UK Prime Minister Theresa May has written to European Council President Donald Tusk to request Brexit be extended to June 30.
In the letter, the prime minister asks for the option to terminate the extension earlier but accepts that if the UK is still a European Union member state on May 23 it will have a “legal obligation” to take part in the European elections.
She tells Tusk that the UK will make “responsible preparations” if her withdrawal agreement is not ratified before the trigger date.
Britain is due to leave the EU at the end of next week, but May is seeking to delay Brexit for a second time after her deal was rejected for a third time last week.
She adds: “The Government will want to agree a timetable for ratification that allows the United Kingdom to withdraw from the European Union before 23 May 2019 and therefore cancel the European Parliament elections, but will continue to make responsible preparations to hold the elections should this not prove possible.”
EU sources have said Tusk will recommend the UK be offered a one-year Brexit extension, with a break clause should a Brexit deal be agreed by MPs, when leaders meet for a crunch summit on Wednesday.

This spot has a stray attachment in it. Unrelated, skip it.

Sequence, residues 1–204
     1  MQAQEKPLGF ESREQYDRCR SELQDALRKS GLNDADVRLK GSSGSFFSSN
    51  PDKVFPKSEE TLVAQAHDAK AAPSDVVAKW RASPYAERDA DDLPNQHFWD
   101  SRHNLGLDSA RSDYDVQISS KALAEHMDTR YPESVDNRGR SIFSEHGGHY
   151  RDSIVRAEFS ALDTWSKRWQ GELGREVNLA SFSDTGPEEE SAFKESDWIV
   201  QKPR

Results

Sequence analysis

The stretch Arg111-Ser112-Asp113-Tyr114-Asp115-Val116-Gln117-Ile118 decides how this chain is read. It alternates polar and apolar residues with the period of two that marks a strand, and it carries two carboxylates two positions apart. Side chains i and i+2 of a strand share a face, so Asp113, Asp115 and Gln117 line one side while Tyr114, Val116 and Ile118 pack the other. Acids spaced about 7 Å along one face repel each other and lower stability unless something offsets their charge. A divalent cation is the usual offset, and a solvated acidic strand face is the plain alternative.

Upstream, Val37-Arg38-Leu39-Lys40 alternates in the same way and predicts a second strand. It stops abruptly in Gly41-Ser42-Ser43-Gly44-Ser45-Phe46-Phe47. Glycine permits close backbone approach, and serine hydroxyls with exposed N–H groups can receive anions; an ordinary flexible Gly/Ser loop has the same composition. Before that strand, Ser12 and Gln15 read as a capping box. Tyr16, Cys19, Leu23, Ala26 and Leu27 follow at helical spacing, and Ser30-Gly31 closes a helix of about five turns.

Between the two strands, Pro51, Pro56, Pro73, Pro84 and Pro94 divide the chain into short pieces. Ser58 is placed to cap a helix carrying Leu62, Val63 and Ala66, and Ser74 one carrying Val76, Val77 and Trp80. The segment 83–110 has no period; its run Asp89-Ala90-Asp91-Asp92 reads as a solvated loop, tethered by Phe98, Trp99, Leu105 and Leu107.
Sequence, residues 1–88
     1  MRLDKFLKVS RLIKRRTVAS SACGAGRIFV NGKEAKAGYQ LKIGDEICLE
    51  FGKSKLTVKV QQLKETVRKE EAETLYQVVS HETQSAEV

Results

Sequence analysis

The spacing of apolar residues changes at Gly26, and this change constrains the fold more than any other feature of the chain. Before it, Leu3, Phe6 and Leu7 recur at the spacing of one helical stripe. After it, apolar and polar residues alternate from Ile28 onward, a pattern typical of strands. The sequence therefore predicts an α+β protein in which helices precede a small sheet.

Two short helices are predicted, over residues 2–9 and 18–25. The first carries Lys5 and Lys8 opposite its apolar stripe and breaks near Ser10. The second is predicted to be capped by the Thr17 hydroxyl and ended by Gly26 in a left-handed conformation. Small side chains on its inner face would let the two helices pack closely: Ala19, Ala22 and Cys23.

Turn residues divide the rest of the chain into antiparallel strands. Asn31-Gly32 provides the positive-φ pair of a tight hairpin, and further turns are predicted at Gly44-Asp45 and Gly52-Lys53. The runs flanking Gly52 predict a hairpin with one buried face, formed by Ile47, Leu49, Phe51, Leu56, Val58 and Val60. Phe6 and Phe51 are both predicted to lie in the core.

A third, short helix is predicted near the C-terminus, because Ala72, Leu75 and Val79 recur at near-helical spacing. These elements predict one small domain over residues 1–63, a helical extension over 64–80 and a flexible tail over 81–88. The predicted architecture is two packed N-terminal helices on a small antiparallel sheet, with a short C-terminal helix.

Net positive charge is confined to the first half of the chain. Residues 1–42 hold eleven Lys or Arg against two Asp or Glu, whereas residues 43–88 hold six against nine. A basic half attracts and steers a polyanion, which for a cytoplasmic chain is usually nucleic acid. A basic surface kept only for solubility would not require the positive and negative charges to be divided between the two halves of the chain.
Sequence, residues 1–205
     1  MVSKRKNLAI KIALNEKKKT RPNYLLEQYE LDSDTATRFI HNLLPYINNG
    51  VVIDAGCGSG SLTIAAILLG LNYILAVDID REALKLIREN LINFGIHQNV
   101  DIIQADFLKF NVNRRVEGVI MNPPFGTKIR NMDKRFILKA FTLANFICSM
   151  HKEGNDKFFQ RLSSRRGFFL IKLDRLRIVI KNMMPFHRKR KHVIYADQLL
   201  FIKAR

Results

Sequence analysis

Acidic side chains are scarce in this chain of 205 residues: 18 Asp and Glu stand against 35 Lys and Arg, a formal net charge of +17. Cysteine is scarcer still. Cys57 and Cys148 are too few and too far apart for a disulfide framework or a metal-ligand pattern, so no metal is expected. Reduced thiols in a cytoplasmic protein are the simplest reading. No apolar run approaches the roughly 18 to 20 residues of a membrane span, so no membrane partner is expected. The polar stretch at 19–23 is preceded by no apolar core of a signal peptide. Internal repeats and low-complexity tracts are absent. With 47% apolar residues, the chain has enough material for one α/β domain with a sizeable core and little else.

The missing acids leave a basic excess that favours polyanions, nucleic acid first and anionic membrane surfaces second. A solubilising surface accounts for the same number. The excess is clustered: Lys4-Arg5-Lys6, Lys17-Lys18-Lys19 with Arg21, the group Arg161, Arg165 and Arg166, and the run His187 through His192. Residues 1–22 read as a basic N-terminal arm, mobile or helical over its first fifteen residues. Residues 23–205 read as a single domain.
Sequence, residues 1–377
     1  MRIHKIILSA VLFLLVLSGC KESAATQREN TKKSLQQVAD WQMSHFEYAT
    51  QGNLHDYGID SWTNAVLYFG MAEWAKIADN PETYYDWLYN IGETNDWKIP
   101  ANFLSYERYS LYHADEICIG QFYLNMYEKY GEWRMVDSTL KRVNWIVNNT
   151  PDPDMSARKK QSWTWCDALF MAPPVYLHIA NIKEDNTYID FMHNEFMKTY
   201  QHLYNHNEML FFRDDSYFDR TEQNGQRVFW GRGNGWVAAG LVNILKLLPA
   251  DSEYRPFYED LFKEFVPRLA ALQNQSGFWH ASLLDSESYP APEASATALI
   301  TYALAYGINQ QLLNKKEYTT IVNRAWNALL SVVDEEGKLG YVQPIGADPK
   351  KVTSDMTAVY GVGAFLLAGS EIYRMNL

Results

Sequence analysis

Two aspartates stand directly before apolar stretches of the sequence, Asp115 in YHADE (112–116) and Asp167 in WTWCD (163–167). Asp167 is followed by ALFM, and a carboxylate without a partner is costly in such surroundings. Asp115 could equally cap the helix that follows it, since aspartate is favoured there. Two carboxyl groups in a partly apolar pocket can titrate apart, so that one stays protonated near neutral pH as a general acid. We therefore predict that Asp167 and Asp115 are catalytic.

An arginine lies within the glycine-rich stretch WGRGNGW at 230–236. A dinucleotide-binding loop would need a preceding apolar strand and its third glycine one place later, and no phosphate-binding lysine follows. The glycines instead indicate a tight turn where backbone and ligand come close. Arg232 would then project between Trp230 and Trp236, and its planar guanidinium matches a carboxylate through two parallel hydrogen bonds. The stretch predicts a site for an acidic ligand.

May wants her preferred date of June 30 to be flexible, however, writing: “If the parties are able to ratify before this date, the Government proposes that the period should be terminated early.”
Top-level talks will continue between the Government and the opposition Labour Party today, aimed at finding a way out of the Brexit deadlock.
The discussions are taking place as May faces a week of hectic diplomacy as she battles to keep her EU withdrawal agenda on track.
If Brussels refuse to agree to any extension, the UK is due to leave the EU on April 12. No withdrawal deal has yet been agreed on by MPs.
But according to attorney general Geoffrey Cox, the government would “consider” a second referendum as a way of breaking the Brexit deadlock.
He told the BBC’s ‘Political Thinking with Nick Robinson’ podcast this week that a “good deal of persuasion” would be needed, but that the government “would consider any suggestion that’s made”.
On Wednesday, MPs voted by a majority of one to give May a mandate to ask the EU for an extension.
May says postponing the Brexit date further is crucial in avoiding a no-deal scenario, yet if she wants to keep the delay as short as possible, she and Jeremy Corbyn will have to agree on a proposal to be voted on by April 10.
If they fail to reach an agreement by that date, May will propose alternative options to MPs.